Virgin Galactic Launched a Second Successful Space Flight. Now, the $350,000 Tickets Are Going Fast
Forget that European vacation, space is calling.
In February, Virgin Galactic’s SpaceShipTwo (christened VSS Unity) successfully completed its fifth test flight and second trip into space. After many setbacks, the company in December successfully flew VSS Unity into space for the first time, reaching an altitude of 82.7 kilometres —past the border between Earth’s atmosphere and space, which NASA defines as 80.4 kilometres high. The flight marked a milestone in Virgin Galactic’s efforts to take paying passengers on space flights to altitudes where they will experience weightlessness, see the curvature of Earth, and stare at a pitch-black sky full of stars. A crowd that included the firm’s founder Richard Branson, a number of its employees, and the press watched from the company’s base in Mojave, Calif., as the spaceship, attached to mother ship Eve, launched from the runway. The two ships flew together to 40,000 feet, whereupon SpaceShipTwo was released. The crew then activated the rocket engine for 60 seconds, propelling the ship to a speed of Mach 2.9 (about 3500 km/h) and powering its climb beyond the atmosphere. Shortly after passing the 80-kilometre mark, the crew turned the spacecraft back to Mojave and glided it down to the runway.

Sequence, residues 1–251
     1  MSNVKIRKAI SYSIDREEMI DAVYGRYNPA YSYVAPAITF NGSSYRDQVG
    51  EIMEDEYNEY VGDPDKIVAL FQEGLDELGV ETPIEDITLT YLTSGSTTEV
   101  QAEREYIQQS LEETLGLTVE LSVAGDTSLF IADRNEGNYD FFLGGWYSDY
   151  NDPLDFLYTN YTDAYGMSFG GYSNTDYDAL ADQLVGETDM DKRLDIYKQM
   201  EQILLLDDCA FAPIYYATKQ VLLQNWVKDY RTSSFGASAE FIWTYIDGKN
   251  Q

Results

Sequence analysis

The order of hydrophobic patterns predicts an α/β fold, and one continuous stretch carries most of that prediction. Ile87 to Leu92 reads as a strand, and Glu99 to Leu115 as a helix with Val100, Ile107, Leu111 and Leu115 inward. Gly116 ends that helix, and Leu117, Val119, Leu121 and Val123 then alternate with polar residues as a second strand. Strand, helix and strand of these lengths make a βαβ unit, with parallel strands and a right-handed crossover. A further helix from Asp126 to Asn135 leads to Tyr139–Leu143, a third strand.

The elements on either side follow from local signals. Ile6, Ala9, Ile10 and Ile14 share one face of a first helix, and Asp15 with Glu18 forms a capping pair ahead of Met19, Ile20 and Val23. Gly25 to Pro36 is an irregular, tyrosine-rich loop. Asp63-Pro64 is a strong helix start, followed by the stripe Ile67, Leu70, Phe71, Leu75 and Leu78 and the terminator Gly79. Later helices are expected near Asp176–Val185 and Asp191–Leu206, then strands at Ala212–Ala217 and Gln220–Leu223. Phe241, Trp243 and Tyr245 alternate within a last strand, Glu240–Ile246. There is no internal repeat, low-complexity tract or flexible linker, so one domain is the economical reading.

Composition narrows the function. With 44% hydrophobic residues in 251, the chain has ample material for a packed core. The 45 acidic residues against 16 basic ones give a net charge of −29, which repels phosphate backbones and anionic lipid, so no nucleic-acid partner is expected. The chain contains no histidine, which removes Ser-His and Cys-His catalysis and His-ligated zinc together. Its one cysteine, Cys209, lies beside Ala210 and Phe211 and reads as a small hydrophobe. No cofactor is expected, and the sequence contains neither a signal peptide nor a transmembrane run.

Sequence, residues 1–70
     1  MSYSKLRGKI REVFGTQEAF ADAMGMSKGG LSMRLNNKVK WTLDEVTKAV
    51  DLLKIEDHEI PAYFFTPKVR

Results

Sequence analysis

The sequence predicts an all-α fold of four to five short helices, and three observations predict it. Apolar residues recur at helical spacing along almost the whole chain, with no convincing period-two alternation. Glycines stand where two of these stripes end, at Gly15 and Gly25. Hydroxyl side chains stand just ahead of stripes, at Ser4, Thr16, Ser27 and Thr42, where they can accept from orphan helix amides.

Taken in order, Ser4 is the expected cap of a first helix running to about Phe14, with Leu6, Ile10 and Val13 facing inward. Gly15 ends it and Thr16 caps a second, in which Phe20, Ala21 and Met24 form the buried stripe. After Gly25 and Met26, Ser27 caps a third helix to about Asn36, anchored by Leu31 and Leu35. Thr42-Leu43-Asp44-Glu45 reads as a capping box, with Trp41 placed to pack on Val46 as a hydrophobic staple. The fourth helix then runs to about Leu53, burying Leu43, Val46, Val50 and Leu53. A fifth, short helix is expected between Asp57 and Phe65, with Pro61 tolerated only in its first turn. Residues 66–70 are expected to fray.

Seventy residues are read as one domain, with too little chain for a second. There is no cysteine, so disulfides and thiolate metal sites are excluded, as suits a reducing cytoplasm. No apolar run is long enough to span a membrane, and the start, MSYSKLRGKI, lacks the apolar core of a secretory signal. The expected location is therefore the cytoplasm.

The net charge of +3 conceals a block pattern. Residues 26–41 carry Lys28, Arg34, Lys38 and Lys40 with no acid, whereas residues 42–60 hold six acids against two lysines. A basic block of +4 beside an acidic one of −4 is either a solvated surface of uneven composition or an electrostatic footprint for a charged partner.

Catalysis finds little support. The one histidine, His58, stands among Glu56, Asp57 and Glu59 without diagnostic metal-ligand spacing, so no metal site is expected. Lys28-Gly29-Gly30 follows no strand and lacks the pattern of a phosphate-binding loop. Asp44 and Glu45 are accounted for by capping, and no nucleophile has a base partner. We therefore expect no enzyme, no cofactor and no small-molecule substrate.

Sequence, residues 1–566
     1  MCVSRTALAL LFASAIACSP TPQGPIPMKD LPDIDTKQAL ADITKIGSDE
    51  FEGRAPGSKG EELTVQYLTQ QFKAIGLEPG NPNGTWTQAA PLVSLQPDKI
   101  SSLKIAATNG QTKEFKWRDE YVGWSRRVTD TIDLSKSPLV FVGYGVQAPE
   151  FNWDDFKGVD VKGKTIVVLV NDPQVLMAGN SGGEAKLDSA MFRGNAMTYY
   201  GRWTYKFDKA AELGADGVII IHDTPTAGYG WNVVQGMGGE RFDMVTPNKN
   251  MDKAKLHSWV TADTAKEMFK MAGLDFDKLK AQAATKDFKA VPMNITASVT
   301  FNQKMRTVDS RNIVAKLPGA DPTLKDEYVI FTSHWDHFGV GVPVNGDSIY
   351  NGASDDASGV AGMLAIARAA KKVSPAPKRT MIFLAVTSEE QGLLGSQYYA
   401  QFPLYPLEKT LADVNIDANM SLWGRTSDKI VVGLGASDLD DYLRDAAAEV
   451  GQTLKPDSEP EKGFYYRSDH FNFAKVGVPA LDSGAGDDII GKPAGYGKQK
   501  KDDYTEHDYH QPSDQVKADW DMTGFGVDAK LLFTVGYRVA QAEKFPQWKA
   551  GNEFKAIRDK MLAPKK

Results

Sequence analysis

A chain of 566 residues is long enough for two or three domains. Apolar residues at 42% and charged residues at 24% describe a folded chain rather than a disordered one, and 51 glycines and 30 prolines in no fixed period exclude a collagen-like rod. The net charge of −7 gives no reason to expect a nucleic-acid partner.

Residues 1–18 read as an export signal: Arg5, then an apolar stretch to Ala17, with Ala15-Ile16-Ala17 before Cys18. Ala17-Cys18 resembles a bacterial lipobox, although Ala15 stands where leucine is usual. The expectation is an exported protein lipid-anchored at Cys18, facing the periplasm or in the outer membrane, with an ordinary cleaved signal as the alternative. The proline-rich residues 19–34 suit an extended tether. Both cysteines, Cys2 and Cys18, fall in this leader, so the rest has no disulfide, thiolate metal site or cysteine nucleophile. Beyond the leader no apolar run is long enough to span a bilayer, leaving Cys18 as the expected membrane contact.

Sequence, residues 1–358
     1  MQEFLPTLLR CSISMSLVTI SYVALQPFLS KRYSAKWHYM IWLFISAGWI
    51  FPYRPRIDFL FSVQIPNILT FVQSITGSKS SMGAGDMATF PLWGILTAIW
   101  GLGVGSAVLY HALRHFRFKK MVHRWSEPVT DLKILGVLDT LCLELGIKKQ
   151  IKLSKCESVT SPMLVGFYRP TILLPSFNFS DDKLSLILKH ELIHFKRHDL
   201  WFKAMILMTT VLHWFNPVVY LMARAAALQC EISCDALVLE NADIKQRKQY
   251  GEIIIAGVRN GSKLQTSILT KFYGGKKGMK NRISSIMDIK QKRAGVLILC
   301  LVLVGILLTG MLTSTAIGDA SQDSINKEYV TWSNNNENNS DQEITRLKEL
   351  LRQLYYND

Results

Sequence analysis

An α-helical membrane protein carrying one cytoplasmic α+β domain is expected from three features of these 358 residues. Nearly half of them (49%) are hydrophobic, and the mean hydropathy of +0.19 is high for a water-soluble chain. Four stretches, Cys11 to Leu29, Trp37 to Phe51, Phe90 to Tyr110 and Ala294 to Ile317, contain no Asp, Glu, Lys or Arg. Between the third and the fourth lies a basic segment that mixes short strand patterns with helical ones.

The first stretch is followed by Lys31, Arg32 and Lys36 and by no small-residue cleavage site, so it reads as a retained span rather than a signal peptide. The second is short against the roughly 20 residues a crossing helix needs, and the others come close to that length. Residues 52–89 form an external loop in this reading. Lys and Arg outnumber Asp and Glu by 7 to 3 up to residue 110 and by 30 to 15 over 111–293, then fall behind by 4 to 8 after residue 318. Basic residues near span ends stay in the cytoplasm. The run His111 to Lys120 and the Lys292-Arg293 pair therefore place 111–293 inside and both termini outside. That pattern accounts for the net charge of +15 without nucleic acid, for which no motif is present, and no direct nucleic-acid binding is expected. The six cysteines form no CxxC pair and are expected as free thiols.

Virgin Galactic’s founder Richard Branson celebrates the company’s out-of-this-world achievement.
The mission’s two pilots, Mark “Forger” Stucky and Frederick “CJ” Sturckow, were awarded Federal Aviation Administration Commercial Astronaut Wings at a Washington, D.C., ceremony in February. The spaceship carried four space science and technology experiments from NASA’s Flight Opportunities program, making this Virgin Galactic’s first revenue-generating launch. It was also the first human spaceflight from U.S. soil since the final space shuttle mission in 2011, and the first time that a crewed vehicle built for commercial passenger service has reached space.
VSS Unity/VMS Eve take off for a push past the atmosphere in December.
The fifth test flight, and now second into space, blasted off with three crew members, one of whom was Virgin Galactic’s chief astronaut instructor, Beth Moses, the first woman to travel to space aboard a commercial craft. This mission went farther and faster—89.91 kilometres, reaching a speed of Mach 3.04 (around 3753.79km/h).
The view from an altitude of 90km.
Two more crafts are being built to help meet the anticipated passenger demand. And while all of the $350,000 seats are currently filled, those interested in booking a flight can sign up for updates on new offerings by registering with the company’s website.
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